By this point Cube was a full-time member of N.W.A along with Dr. Dre and (to a lesser extent) MC Ren. Cube wrote Dr. Dre and Eazy-E's rhymes for the group's landmark album, Straight Outta Compton, released in 1988. However, as 1990 approached, Cube found himself at odds with the group's manager, Jerry Heller, after Heller responded to the group's financial questions by drafting up a new arrangement. As he explains in his book. Since Cube wrote the lyrics to approximately half of both Straight Outta Compton, and Eazy-E's solo album, Eazy-Duz-It, Cube was advised of the amounts he was truly owed by Heller, and proceeded to take legal action, soon after leaving the group and the label. In response, the remaining N.W.A members attacked Cube on the EP 100 Miles and Runnin', as well as their next and final album, Efil4zaggin (Niggaz4life spelled backwards).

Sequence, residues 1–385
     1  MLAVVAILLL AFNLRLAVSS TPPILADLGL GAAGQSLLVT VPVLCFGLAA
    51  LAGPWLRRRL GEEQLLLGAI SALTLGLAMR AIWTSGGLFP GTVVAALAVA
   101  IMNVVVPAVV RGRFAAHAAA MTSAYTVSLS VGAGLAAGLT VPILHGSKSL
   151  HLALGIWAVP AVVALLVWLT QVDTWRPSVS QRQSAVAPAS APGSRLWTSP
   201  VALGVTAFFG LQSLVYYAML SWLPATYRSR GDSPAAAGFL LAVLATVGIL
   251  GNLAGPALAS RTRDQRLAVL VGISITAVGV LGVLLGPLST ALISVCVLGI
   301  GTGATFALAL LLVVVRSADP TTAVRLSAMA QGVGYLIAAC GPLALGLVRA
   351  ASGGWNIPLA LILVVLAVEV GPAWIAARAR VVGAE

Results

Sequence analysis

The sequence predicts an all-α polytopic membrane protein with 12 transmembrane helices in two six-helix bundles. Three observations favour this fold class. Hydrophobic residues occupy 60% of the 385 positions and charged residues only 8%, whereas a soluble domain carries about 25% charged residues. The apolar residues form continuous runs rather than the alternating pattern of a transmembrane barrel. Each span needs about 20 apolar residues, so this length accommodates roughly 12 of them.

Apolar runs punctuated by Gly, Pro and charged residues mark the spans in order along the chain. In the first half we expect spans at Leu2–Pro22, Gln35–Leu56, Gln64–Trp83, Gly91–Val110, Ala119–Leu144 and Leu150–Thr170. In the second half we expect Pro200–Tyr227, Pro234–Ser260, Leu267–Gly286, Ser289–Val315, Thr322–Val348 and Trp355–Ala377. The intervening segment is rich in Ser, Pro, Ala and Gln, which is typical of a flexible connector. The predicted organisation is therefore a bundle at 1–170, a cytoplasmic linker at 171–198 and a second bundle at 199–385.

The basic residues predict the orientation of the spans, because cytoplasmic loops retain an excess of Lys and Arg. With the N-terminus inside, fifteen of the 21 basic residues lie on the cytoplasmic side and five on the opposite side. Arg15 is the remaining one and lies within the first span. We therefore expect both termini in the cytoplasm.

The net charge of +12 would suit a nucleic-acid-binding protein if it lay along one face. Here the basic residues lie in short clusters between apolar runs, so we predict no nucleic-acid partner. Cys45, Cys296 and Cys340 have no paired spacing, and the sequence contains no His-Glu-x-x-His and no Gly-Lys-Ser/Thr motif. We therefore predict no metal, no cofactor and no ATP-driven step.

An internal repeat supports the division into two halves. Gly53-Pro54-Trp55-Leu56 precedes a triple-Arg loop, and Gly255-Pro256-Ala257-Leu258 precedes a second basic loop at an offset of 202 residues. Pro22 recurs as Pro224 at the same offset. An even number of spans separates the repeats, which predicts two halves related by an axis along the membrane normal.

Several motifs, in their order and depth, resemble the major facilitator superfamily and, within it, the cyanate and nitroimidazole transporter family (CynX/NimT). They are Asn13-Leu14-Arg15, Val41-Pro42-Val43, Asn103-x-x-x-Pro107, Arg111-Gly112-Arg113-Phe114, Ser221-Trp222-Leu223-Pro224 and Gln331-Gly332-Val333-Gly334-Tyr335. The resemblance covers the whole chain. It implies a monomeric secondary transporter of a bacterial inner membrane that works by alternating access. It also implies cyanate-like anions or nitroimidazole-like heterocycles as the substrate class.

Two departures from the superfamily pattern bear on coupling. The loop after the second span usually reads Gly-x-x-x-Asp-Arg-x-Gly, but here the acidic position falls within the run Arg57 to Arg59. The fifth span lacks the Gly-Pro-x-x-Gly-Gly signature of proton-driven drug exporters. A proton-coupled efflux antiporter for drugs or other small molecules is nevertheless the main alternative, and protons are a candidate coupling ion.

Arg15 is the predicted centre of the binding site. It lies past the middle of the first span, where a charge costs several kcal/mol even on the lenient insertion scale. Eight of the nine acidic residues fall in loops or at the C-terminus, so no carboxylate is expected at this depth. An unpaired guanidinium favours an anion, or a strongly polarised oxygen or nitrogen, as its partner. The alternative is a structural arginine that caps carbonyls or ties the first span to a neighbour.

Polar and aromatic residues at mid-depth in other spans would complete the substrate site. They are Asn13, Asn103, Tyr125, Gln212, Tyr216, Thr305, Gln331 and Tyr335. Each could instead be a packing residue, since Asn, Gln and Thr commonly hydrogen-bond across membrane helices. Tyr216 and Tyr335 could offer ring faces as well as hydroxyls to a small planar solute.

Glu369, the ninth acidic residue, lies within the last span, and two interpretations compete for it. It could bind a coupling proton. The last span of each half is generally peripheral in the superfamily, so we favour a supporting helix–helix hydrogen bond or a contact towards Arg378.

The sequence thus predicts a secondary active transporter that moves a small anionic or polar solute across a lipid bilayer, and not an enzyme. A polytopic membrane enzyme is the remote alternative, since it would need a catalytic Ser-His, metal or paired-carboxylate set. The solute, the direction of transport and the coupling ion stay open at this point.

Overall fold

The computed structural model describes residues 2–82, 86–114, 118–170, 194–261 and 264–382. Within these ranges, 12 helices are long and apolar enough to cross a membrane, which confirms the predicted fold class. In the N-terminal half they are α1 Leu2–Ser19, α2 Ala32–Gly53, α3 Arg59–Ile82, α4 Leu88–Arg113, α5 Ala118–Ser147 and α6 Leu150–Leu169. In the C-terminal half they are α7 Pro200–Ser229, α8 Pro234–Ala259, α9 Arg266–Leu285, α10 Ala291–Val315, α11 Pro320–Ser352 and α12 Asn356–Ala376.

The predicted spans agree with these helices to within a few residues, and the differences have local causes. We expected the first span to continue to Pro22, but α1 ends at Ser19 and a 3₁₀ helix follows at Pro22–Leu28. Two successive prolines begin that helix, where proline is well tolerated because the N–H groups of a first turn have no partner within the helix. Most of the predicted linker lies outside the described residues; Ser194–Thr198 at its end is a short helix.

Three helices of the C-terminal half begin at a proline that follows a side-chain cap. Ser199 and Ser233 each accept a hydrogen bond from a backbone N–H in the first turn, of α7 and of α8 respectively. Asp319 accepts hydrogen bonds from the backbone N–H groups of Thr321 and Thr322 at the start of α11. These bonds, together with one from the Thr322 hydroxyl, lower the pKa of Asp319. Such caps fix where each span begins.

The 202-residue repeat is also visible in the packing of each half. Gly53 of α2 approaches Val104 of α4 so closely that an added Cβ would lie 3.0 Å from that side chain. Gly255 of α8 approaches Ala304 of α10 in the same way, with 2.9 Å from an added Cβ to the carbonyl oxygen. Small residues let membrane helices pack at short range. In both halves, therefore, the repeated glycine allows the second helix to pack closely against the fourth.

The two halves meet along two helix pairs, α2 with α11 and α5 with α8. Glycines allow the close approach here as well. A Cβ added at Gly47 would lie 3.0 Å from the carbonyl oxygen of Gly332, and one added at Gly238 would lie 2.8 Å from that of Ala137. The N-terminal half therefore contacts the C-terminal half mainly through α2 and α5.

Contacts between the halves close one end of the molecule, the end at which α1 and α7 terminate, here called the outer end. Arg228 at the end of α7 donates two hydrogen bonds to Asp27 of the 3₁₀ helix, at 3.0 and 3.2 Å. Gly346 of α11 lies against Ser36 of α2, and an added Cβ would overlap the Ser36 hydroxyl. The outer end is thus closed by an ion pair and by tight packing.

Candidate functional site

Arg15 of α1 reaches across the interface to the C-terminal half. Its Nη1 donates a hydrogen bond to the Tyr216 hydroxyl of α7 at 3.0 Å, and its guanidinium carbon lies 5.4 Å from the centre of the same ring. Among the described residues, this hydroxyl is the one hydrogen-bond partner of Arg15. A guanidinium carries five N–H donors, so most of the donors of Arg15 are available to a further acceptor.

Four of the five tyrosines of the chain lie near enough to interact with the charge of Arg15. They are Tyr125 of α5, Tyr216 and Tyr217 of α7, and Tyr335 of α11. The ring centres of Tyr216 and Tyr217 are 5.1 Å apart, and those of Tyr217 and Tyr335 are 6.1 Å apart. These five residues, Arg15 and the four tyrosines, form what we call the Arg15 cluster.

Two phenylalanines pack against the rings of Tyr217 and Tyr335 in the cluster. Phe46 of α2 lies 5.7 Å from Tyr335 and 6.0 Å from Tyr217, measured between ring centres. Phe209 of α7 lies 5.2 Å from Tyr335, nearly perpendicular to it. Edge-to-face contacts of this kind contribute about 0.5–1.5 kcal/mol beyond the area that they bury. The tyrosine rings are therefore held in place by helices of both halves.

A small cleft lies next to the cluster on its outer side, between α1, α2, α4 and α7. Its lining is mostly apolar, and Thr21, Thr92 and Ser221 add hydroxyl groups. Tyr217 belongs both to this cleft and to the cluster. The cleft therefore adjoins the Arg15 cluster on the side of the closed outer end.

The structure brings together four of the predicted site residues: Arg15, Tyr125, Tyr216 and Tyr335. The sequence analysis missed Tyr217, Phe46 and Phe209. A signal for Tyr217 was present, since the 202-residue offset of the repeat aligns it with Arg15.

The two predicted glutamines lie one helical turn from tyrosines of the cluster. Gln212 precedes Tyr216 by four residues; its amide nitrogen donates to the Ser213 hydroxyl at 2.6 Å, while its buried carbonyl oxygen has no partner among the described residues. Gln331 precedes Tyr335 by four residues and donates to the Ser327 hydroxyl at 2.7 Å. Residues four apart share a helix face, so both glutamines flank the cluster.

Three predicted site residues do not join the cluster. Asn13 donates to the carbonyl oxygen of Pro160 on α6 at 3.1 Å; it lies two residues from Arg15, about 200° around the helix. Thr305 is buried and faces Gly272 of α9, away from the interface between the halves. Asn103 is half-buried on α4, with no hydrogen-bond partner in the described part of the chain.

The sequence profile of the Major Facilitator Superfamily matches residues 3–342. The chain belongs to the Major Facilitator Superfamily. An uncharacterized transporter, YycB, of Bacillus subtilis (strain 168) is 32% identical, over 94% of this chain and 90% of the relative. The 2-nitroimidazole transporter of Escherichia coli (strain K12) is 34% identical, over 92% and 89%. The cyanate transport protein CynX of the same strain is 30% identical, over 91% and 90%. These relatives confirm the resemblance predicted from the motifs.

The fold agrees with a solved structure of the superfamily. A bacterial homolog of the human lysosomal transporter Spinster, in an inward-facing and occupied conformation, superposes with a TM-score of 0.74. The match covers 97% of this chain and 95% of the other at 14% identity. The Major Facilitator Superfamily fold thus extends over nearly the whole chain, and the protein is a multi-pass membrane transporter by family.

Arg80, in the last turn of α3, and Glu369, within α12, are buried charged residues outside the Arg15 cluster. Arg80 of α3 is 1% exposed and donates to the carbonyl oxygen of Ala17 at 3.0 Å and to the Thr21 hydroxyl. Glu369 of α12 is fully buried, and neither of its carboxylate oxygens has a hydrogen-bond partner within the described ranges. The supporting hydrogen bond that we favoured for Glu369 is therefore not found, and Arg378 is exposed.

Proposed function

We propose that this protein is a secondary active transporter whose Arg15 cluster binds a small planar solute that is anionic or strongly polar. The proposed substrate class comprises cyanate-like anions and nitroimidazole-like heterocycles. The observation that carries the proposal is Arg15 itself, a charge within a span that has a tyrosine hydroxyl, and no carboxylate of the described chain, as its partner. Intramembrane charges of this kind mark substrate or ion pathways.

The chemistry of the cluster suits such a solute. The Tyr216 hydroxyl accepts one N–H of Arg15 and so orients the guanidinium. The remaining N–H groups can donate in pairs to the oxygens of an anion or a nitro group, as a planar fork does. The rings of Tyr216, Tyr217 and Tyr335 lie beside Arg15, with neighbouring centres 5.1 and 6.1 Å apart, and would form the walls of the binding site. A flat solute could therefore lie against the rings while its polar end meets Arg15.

Cube recorded his debut solo album in Los Angeles with the Bomb Squad (Public Enemy's production team). AmeriKKKa's Most Wanted was released in 1990 and was an instant hit, riding and contributing to the rising tide of rap's popularity in mainstream society. The album was charged with controversy, and Cube was accused of misogyny, and racism. Subsequently, Cube appointed the female rapper Yo-Yo (who appeared on AmeriKKKa's Most Wanted) to the head of his own record label and helped produce her debut album, Make Way for the Motherlode. This was followed by a critically acclaimed role as 'Doughboy' in John Singleton's hood-based drama, Boyz N the Hood. In the same year as AmeriKKKa's Most Wanted, Cube released the acclaimed EP, Kill At Will. Kill At Will sold well becoming the first hip hop EP to go both Gold and Platinum.